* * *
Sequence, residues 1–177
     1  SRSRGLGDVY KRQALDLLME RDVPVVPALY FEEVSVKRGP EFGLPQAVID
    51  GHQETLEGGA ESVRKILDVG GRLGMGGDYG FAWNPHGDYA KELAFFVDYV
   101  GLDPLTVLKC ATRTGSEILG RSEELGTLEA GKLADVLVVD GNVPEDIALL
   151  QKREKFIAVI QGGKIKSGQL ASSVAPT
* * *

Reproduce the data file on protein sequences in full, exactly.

Sequence, residues 1–177
     1  SRSRGLGDVY KRQALDLLME RDVPVVPALY FEEVSVKRGP EFGLPQAVID
    51  GHQETLEGGA ESVRKILDVG GRLGMGGDYG FAWNPHGDYA KELAFFVDYV
   101  GLDPLTVLKC ATRTGSEILG RSEELGTLEA GKLADVLVVD GNVPEDIALL
   151  QKREKFIAVI QGGKIKSGQL ASSVAPT